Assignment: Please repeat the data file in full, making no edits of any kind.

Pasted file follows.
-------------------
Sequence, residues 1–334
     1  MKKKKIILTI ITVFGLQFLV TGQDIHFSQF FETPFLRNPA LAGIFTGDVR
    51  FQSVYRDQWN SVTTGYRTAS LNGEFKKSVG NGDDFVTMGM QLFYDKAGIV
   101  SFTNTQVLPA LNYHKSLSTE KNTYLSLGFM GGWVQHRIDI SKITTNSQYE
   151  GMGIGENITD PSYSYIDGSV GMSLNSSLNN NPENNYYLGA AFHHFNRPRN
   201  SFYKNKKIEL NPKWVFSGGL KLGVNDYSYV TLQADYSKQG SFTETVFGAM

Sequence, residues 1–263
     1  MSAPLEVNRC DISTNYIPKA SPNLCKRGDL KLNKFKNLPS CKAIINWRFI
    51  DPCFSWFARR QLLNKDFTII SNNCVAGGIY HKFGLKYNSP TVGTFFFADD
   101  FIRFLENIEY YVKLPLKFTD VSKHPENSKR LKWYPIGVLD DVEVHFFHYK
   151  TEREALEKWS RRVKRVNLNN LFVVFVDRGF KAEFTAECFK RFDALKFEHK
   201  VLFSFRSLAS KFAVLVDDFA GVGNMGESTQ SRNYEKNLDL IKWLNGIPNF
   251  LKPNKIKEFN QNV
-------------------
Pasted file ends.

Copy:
Sequence, residues 1–334
     1  MKKKKIILTI ITVFGLQFLV TGQDIHFSQF FETPFLRNPA LAGIFTGDVR
    51  FQSVYRDQWN SVTTGYRTAS LNGEFKKSVG NGDDFVTMGM QLFYDKAGIV
   101  SFTNTQVLPA LNYHKSLSTE KNTYLSLGFM GGWVQHRIDI SKITTNSQYE
   151  GMGIGENITD PSYSYIDGSV GMSLNSSLNN NPENNYYLGA AFHHFNRPRN
   201  SFYKNKKIEL NPKWVFSGGL KLGVNDYSYV TLQADYSKQG SFTETVFGAM

Sequence, residues 1–263
     1  MSAPLEVNRC DISTNYIPKA SPNLCKRGDL KLNKFKNLPS CKAIINWRFI
    51  DPCFSWFARR QLLNKDFTII SNNCVAGGIY HKFGLKYNSP TVGTFFFADD
   101  FIRFLENIEY YVKLPLKFTD VSKHPENSKR LKWYPIGVLD DVEVHFFHYK
   151  TEREALEKWS RRVKRVNLNN LFVVFVDRGF KAEFTAECFK RFDALKFEHK
   201  VLFSFRSLAS KFAVLVDDFA GVGNMGESTQ SRNYEKNLDL IKWLNGIPNF
   251  LKPNKIKEFN QNV